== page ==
The board at Headingly should be forced out for mishandling allegations of racism by Azeem Rafiq, argues Sean Ledwith
Yorkshire County Cricket Club (YCCC) is currently doing a great job of turning a crisis into a catastrophe by their shameful handling of the racism allegations by former player Azeem Rafiq. It would be difficult to find a more glaring example of institutional racism in English sport than their shambolic attempts to deny, cover up and mishandle the long-standing claims of Rafiq, who was a spin bowler for the team up to 2018 and captain of the England U19 side. In 2012 he briefly became the first Asian player to captain Yorkshire.
This week the club has become the eye of a perfect political and media storm with sponsors falling over themselves to pull out of deals and politicians from all sides of the spectrum wading in with rightful denunciations of YCCC’s appalling failure to address Rafiq’s allegations. Labour MP Zarah Sultana tweeted:
“I know that being called the p-word is never "friendly banter”. For @YorkshireCCC to describe it as such is utterly shameful. Solidarity to @AzeemRafiq30, who has been so badly let down by his former club.”
Yorkshire Tea, Tetley’s and David Lloyd Leisure are among the local businesses that understandably have no wish to be associated with the increasingly toxic brand that is Yorkshire Cricket. A leaked report from the club’s internal inquiry revealed that a fellow player had repeatedly used the P-word with reference to Rafiq but that no action was taken against the offender as the remark was deemed to be ‘in the spirit of friendly banter’.
The fact that the board regarding such language as not worthy of disciplinary action suggests their social attitudes are stuck in a 1970s time warp when offensive terms were a regular staple of TV sitcoms. This archaic response is an example of how so-called banter in the 21st century has become the pernicious code behind which racists and misogynists try to excuse their vile bigotry.
Thrown under the bus
The player concerned, Gary Ballance, has now come forward and identified himself as the culprit. Ballance’s apology is tepid and displays a failure to appreciate the gravity of his offence:
“I do not wish to discredit Rafa by repeating the words and statements that he made about me and others but I have to be clear that this was a situation where best friends said offensive things to each other which, outside of that context, would be considered wholly inappropriate. I regret that these exchanges took place but at no time did I believe or understand that it had caused Rafa distress.”
Ballance’s ignorance, however, is just symptomatic of a deeper problem within the culture of YCCC. The cowardly board members clearly think throwing him under the bus will be sufficient to dampen the firestorm that is swirling around the club. Their clueless detachment from reality is beyond repair if they think one mealy-mouthed apology will end this unprecedented crisis in the history of the club.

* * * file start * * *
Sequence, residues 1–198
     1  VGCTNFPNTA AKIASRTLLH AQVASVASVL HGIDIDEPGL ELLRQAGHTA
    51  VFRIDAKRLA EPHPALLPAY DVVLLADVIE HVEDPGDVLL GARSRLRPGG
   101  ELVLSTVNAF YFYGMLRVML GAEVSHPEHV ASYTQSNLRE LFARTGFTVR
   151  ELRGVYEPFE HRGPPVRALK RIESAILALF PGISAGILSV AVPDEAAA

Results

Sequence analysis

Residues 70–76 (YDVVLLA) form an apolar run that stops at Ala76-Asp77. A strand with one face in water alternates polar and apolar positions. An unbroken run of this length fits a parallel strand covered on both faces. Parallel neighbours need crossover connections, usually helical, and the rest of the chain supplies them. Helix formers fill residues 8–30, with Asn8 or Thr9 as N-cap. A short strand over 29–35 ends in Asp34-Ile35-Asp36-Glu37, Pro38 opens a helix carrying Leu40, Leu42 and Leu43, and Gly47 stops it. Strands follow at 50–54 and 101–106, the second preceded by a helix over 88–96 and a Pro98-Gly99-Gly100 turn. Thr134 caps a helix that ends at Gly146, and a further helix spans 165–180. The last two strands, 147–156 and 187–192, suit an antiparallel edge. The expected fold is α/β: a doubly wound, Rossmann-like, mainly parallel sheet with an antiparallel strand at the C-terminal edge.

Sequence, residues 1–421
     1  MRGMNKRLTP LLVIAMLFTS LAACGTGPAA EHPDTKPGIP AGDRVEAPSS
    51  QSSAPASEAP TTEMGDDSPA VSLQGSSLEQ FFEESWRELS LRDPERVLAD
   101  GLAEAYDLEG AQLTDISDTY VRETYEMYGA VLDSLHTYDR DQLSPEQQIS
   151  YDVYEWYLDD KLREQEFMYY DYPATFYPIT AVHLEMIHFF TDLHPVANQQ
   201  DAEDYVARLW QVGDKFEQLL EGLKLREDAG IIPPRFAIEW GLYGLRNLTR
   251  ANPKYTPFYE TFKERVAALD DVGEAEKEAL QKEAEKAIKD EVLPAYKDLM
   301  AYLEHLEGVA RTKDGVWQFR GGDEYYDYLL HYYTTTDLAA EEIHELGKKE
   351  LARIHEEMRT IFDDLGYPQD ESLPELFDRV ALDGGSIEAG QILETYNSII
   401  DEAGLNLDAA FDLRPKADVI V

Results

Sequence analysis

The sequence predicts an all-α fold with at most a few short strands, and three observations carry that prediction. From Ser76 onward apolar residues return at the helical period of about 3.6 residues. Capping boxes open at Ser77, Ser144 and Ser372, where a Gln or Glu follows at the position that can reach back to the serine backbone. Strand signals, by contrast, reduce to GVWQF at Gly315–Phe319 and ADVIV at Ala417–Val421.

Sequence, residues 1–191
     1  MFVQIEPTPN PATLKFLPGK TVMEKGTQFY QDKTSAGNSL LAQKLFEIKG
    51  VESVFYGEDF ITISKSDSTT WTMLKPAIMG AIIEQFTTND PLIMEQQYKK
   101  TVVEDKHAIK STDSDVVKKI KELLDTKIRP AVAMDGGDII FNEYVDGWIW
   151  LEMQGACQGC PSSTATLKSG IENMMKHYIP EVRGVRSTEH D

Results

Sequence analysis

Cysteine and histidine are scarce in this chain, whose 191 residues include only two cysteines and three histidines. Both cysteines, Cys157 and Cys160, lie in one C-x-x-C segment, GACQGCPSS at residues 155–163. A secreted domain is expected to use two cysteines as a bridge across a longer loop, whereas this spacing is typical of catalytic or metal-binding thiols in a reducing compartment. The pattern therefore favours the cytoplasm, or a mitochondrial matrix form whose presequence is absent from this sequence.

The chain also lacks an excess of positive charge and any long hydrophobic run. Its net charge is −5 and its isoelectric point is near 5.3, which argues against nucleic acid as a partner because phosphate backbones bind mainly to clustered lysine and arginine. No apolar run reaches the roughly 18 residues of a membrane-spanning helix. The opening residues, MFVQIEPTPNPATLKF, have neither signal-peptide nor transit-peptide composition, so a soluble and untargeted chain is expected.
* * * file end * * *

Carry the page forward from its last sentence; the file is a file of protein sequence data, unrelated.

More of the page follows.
Last month Yorkshire tried to can the affair by producing a heavily redacted version of its internal investigation which prompted an exasperated Rafiq to comment:
“Wow just when you think this club couldn’t get more embarrassing you find a way. Still awaiting the full report. Thanks for mentioning the people that have provided your protection and given the green light to racism.”
Rafiq submitted his complaints to the club over a year ago that a dressing-room atmosphere was making him and other Asian players feel hugely uncomfortable:
“In one of my first few games, we were going onto the field at Trent Bridge and there was me, Adil Rashid, Ajmal Shahzad and Rana Naved and one of the senior players said: 'there's too many of you lot, it's something we need to have a word about'.”
Legacy of racism
The ultimate problem for YCCC is that the Rafiq episode is not an isolated case. Over many decades up till 1992, the club’s defining Yorkshire-born only recruitment policy had mutated from a source of regional identity into a thinly veiled pretext to exclude the county’s sizeable Asian population from the team. Despite the huge pool of talent available among BAME players in Yorkshire league cricket, the team remains overwhelmingly white.
In 2003, Darren Lehmann, an Australian recruit for the county was banned by his country for a racist insult. His YCCC employers, however, not only failed to follow suit but later made him the coach without any apparent problem. In 2014, club captain Andrew Gale was banned for two games for an offensive comment to a black South African player.
Sack the board
This is not an exclusively Yorkshire problem. A survey of BAME professional cricketers across England in January revealed over a third of them have experienced racism from team-mates and spectators. However, Yorkshire’s abysmal record over many years on this issue has deservedly put the club in the spotlight. The best way forward is for the current board to resign immediately and a new ruling body formed that is more in tune with 21st-century attitudes-and which does not hide behind the word ‘banter’.
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